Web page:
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Slender billed Curlew

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The first of the pieces based on the Slender billed curlews plight is now complete.  This work was inspired by the wonderful book ‘Orison for a Curlew’ by Horatio Clare.

I have absolutely loved researching this piece and trying new techniques such as simple fabric dying, beading, fabric painting and metal leaf.

 

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I’ve really enjoyed experimenting  with the background and how it could tell the story of this fated birds migratory route, which has led to its almost certain extinction.

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The final piece, incorporates a rock made up of small maps of the key areas listed in Horatio’s book.  Initially I had planned to make each area an individual stone but this looked cluttered.  The balance of telling the story and still creating an attractive piece of art was an interesting test.

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I have started to use the information and research I have gathered on this bird into another couple of pieces, I look forward to writing about these another day.

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I absolutely love what I do, learning about these birds, the threats they face and their possible/probable extinction.  I do however find it incredibly sad that I will never run out of birds in this category and wonder what the future holds for nature in a man-made world.

As Horatio Clare says ‘ A world in which only the robust survive is a dulled and blunted planet; all crows, and no colour’

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Slender billed curlew Pre-stitching progress.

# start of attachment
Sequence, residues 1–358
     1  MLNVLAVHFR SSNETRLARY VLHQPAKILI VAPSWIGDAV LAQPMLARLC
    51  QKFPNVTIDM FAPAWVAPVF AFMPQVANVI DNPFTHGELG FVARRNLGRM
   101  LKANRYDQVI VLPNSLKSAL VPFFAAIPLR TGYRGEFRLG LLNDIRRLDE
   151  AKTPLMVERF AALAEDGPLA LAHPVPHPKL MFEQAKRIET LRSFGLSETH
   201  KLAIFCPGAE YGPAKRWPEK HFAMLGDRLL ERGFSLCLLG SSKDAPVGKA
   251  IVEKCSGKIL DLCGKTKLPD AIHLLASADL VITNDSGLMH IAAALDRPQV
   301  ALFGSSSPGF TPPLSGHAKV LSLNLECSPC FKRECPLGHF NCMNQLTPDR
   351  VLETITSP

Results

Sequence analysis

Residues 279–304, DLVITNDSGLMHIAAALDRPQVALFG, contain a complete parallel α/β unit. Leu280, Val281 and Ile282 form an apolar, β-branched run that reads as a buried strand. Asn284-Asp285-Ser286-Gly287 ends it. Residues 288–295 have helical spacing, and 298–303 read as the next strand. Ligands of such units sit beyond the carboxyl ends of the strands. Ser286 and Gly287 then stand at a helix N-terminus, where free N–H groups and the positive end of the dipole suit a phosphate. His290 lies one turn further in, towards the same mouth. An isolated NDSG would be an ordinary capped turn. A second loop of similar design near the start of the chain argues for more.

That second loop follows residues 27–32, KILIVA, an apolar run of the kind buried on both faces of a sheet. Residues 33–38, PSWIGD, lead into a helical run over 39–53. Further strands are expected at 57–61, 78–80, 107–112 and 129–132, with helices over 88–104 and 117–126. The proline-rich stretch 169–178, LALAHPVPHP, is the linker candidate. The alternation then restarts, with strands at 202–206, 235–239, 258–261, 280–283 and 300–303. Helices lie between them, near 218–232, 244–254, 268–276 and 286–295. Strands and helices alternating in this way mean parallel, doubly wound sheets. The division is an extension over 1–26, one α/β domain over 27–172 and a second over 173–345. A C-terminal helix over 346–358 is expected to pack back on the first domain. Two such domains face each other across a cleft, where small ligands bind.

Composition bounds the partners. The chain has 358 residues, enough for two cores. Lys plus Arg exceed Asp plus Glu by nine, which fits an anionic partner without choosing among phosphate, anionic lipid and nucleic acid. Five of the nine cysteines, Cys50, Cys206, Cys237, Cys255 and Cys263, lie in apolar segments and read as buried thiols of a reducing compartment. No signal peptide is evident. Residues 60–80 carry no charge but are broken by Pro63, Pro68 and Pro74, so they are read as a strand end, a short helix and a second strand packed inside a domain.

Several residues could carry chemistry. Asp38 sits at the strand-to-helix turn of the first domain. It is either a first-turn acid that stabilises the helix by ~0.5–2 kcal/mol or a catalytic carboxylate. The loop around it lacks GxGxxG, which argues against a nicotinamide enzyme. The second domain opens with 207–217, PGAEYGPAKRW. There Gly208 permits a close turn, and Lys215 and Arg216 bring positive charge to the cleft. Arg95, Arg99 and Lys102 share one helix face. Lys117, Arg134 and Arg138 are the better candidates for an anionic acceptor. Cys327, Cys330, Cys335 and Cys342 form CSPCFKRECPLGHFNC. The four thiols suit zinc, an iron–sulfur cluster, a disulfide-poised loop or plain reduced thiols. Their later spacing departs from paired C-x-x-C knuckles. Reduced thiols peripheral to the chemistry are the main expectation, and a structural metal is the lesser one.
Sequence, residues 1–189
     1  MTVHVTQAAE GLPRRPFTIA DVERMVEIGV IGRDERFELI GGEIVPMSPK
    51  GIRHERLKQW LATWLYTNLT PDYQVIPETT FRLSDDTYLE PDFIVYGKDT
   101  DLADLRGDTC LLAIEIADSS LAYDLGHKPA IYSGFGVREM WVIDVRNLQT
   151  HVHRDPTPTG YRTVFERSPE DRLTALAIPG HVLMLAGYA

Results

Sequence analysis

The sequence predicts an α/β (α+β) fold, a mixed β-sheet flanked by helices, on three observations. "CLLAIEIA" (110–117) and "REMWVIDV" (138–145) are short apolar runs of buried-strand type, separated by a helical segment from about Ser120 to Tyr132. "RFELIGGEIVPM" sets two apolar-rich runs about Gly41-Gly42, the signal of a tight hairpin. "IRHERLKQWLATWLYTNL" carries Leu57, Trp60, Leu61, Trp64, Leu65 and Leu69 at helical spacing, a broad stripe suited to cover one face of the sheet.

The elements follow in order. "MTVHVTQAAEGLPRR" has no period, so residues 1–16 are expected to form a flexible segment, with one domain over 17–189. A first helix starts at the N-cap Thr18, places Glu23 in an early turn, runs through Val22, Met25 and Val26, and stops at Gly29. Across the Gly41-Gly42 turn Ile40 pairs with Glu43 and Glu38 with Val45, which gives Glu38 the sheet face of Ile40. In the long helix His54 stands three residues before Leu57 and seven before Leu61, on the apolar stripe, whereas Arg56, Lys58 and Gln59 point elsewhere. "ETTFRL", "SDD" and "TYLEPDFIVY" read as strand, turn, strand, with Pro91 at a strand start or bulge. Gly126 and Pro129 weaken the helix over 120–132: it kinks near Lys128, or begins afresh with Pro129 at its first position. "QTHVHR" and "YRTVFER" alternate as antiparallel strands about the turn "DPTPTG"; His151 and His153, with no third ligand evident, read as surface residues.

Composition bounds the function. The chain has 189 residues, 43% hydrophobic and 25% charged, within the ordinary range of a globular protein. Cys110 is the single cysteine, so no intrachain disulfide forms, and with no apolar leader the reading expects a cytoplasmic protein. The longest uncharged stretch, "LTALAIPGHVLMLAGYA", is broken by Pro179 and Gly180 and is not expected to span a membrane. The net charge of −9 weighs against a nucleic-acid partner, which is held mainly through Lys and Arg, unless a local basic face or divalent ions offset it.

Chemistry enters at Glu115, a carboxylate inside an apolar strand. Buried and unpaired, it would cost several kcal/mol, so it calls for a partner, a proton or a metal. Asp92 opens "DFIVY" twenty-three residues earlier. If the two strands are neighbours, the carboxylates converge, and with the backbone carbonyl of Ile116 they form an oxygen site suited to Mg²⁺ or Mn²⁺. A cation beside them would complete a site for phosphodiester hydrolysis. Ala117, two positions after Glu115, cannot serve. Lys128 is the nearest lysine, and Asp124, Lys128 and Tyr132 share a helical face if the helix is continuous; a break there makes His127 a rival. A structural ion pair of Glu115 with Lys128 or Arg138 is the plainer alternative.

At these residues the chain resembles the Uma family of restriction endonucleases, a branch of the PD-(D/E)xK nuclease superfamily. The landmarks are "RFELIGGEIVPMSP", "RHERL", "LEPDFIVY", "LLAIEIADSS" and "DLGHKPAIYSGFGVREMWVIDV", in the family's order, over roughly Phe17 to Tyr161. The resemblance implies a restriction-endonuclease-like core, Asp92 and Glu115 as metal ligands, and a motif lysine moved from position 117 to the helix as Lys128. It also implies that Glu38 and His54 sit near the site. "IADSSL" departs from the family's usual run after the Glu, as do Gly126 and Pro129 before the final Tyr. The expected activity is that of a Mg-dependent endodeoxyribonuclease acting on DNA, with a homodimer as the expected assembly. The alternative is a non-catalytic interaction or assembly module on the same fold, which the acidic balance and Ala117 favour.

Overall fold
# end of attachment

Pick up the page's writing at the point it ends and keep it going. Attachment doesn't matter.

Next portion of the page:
I’ve been really busy creating since the building work finished at Easter.  A few pieces are complete and ready for framing, others are pieced and ready for stitching.  The thing I have totally neglected is my blog!  Apologies in advance that I am going to be playing catch up and that you will receive a number in quick (ish) succession!  I hope, once up to date on work done that I will be blogging in the moment…..

The work that has consumed most of my time has been a series of work on the probable extinction of the Slender billed curlew.  These pieces as previously discussed are based on the book ‘Orison for a Curlew’ by the wonderful Horatio Clare.

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Above, the initial sketch and fabrics chosen for piecing the first art quilt. You can see I have shown both the front and back of a couple of the fabrics as the back was the most suitable for the areas in question.  Never forget to look at the back of fabrics, it can double the options you have when piecing.

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Above, the bird pieced and ready to start adding fine details with fabric paint below.

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Encouraged by the members of the quilt group I’m a member of, I decided to have a go with new techniques to create backgrounds.  I can highly recommend this photo paper for transferring images with an ink jet printer onto fabric.  Because the bird had such a hazardous migratory route I wanted to show these areas in map form.  I used images from a very out of date atlas and started experimenting.

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Above you can see samples of these prints, before and after dying the fabric in a weak tea solution.  The idea is to stand the bird on a stone, hence the more natural colouring from the tea solution.

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Below, experimenting with ideas for pebbles and stones around the main rock.

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Although the image below is an ‘old moon’ rather than a ‘new moon’ I wanted to incorporate this image using metal leaf.  The slender billed curlew’s Latin name is Numenius tenuirostris meaning the ‘slim beak of the new moon’.  The image direction of the new moon didn’t work with the first piece so I’ve used a little artist licence!

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Unfortunately my favourite pen (a Frixion, iron removable pen), which I usually highly recommend for sketching details as a guide to follow with thread, removed the dye from the backing fabric (you can see a white line around the moon).  This would not normally be a problem as I would thread paint over the area, however for marking out a circle that was only partly used it was an issue!

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Below, second take on a slimmer crescent moon.

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Samples done, the time was right to start planning the final piece, You can read more about this in the next blog.